The European Union created the EU Taxonomy classification system for sustainable business activities to support the transition to a more sustainable economy. Among many things, the EU Taxonomy identifies sustainable activities by industry that “do no harm.” Because of how the SFDR (reporting directive for Alternative Investment Fund Manager (AIFM) ) and EU Taxonomy interconnect, investments in the “do no harm” category have a significantly larger EU audience at the exit. In the context of M&A, buyers can use the EU Taxonomy to assess its impact on a potential target company and identify opportunities for value creation and risk management.

In the USA, the SEC has published several ESG proposals. The most far-reaching proposal is that all public companies make certain climate-related disclosures. These disclosures include reporting on greenhouse emissions and climate-related risk exposure. The climate reporting proposal incorporates The Task Force on Climate-Related Financial Disclosures (TCFD) framework, which most public companies still need to adopt. Understanding climate implementation costs and how such reporting may influence future valuations should be considered during the M&A process.

Suppliers also are feeling pressure from both their customers and regulators. Target companies that supply public companies need to be able to explain their policies and procedures related to human rights, diversity, and greenhouse gas emissions targets. Companies buying cotton and solar panels must consider the USA’s Uyghur Forced Labor Prevention Act and how compliance is documented.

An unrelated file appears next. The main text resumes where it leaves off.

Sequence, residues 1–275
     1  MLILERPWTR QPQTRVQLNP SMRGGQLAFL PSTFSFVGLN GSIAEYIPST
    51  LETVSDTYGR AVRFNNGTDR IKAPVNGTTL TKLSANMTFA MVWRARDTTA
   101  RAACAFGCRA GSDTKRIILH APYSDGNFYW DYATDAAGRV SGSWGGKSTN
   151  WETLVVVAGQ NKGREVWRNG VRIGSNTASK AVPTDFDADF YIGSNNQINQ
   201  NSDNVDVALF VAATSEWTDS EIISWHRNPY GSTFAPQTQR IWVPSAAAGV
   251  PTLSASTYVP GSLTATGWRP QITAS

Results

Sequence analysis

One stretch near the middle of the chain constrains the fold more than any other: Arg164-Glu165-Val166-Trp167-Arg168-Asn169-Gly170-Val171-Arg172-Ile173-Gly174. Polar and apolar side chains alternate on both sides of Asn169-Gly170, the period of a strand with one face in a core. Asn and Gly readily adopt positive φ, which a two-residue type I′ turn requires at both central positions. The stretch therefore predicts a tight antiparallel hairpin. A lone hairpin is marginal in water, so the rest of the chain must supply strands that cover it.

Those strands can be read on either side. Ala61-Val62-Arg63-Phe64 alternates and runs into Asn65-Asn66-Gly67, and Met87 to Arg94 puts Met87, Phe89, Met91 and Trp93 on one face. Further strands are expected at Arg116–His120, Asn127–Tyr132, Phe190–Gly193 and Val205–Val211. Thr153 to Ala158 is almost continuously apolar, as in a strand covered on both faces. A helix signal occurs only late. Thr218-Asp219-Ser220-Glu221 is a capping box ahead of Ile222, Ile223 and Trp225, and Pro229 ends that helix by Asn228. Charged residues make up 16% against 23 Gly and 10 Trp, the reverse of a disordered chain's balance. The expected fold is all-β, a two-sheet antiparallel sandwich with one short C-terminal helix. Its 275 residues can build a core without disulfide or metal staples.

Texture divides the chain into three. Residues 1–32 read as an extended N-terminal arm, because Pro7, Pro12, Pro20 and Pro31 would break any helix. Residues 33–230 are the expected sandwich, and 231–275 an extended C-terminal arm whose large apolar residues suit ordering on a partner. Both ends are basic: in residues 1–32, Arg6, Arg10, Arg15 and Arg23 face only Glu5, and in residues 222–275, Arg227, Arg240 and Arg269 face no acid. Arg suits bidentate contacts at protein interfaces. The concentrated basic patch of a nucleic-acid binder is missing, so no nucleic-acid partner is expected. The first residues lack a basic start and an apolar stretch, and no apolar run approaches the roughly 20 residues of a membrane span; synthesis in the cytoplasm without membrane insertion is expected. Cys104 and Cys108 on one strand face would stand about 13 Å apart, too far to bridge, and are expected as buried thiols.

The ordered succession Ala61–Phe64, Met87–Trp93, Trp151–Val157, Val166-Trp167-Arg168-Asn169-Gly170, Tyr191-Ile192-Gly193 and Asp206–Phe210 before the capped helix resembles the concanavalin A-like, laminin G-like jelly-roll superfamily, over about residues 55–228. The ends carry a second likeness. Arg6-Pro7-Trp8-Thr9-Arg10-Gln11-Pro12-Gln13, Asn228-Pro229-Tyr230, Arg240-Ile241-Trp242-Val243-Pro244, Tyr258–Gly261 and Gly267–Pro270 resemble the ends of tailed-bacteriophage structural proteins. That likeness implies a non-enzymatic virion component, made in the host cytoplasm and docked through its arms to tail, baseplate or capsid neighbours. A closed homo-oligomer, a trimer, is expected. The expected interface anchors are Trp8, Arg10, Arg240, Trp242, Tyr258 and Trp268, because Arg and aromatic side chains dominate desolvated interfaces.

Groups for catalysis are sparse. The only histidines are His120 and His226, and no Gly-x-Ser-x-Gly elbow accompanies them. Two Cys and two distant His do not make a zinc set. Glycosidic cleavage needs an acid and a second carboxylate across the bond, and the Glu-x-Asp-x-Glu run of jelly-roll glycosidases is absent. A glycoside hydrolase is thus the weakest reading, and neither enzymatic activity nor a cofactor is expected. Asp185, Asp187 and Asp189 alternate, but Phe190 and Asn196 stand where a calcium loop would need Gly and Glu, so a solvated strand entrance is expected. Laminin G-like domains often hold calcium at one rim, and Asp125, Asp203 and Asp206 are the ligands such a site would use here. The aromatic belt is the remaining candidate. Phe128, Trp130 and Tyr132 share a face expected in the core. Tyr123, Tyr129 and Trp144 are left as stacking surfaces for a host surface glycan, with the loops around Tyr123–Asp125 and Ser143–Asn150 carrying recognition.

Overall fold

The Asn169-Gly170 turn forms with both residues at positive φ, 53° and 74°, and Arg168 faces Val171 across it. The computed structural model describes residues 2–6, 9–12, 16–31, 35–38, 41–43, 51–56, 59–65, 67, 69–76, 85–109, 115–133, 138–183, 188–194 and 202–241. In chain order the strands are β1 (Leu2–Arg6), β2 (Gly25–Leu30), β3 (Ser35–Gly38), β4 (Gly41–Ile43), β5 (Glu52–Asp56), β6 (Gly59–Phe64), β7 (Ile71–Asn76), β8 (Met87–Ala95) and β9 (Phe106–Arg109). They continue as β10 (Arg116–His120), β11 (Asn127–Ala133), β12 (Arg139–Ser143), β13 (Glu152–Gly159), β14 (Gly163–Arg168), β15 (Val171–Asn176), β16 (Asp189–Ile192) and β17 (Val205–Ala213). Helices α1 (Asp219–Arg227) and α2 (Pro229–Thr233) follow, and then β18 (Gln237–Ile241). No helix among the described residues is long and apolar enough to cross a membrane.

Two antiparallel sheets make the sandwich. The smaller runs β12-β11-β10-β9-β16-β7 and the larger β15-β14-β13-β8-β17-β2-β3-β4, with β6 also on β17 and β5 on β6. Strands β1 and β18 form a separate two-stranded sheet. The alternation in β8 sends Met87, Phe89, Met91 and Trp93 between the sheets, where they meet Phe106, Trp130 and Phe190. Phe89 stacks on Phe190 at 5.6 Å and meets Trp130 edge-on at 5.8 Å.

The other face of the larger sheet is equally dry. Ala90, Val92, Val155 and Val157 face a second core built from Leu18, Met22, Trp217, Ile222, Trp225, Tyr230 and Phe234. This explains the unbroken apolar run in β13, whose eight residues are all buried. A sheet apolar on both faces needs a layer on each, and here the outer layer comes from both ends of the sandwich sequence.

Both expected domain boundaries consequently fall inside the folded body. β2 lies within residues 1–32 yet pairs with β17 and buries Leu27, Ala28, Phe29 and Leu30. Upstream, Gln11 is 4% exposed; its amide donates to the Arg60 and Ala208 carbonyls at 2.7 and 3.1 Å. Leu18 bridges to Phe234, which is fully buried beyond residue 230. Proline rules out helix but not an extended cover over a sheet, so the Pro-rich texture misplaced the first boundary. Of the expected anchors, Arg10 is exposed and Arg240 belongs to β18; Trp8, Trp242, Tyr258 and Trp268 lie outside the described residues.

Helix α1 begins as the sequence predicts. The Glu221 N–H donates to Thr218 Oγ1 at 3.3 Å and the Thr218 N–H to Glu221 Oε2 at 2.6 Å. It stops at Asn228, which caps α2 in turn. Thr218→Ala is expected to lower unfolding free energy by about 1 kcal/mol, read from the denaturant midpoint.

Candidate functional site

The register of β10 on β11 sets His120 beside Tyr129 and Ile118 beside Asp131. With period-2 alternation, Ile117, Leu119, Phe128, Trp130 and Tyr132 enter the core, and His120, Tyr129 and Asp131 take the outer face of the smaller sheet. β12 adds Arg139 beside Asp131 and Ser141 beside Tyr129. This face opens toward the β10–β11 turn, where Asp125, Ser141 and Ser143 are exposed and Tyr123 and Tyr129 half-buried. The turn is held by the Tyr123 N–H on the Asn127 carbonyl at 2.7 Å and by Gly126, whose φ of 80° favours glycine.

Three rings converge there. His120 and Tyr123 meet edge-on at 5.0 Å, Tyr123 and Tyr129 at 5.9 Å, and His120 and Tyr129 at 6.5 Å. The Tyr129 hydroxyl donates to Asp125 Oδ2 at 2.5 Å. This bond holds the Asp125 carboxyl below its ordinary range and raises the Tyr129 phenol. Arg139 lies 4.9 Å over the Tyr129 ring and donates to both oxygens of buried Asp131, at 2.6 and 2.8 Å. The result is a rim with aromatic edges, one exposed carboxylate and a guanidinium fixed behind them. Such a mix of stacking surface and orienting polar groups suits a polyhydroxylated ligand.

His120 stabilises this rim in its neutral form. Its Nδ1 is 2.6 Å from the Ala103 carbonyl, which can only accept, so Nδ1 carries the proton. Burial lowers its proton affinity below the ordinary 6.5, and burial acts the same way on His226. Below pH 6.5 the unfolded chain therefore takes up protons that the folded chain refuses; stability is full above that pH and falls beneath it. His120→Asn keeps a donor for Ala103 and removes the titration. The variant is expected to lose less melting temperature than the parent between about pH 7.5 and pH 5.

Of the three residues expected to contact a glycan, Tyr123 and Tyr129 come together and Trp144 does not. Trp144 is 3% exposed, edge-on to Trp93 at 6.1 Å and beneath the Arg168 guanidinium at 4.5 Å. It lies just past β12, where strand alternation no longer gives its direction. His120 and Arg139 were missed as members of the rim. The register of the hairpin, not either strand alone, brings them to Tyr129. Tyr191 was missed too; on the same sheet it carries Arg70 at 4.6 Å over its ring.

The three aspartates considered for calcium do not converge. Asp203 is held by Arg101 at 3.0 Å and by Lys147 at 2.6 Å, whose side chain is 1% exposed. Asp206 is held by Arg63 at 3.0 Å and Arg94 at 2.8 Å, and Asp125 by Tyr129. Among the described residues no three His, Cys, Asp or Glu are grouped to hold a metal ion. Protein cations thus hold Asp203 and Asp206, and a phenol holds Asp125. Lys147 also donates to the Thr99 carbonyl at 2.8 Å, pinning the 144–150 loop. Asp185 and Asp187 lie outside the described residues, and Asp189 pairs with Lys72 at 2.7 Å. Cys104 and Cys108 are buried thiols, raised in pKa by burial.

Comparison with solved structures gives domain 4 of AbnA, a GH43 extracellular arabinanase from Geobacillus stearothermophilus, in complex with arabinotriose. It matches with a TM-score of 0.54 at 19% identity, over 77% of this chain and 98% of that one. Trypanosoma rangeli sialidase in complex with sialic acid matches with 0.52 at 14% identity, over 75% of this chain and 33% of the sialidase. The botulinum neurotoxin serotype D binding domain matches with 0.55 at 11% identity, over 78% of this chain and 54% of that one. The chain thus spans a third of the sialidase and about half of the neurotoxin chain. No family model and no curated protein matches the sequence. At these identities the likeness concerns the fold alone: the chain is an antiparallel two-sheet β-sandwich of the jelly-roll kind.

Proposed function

ESG information should never be a sole or primary consideration for an investment decision. ESG diligence is meant to provide additional information when evaluating a transaction. By increasing the level of available information, buyers will have a more holistic view which may help them avoid bad investments and foster opportunities that enhance returns. It is also essential in today’s world to consider sustainability and equality during the investment process. Failure to consider these mainstream issues can create unexpected consequences that could have been avoided before closing.